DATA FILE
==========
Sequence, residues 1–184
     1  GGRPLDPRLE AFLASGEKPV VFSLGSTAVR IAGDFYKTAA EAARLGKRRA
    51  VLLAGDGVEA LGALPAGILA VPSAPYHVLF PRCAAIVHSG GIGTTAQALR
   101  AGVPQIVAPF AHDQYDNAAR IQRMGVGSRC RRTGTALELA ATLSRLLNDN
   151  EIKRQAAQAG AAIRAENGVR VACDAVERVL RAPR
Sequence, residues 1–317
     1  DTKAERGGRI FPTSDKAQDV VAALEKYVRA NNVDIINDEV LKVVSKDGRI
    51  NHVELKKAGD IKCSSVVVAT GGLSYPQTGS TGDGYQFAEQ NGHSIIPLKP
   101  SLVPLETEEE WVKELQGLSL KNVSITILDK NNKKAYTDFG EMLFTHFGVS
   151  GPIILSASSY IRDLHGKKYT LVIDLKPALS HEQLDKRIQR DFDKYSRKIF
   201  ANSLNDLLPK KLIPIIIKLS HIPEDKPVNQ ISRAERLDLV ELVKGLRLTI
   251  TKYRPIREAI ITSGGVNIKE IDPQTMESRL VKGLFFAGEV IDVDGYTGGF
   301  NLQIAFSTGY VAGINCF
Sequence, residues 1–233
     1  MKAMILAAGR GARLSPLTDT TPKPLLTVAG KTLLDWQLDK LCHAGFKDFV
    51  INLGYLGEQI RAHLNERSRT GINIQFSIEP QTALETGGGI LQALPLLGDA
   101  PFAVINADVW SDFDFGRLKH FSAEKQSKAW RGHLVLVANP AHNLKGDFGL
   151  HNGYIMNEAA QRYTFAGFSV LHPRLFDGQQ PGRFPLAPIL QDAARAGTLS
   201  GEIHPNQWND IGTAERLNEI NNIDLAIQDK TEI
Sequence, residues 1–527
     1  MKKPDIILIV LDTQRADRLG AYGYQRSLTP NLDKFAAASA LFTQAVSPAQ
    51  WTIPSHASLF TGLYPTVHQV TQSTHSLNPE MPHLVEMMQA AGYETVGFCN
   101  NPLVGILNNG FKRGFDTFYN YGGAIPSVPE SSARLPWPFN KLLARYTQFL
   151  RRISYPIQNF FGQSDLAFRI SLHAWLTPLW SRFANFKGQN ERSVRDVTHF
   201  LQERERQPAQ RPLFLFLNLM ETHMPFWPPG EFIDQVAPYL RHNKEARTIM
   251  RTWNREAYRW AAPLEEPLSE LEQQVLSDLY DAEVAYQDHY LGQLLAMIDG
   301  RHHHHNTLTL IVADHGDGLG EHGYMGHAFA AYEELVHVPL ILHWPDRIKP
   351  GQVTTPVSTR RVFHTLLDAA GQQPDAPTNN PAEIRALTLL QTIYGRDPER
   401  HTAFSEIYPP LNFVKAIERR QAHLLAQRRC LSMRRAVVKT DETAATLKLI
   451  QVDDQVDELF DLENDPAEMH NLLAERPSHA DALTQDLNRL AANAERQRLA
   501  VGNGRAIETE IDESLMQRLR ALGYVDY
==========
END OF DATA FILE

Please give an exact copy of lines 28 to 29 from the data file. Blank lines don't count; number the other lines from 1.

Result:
   351  GQVTTPVSTR RVFHTLLDAA GQQPDAPTNN PAEIRALTLL QTIYGRDPER
   401  HTAFSEIYPP LNFVKAIERR QAHLLAQRRC LSMRRAVVKT DETAATLKLI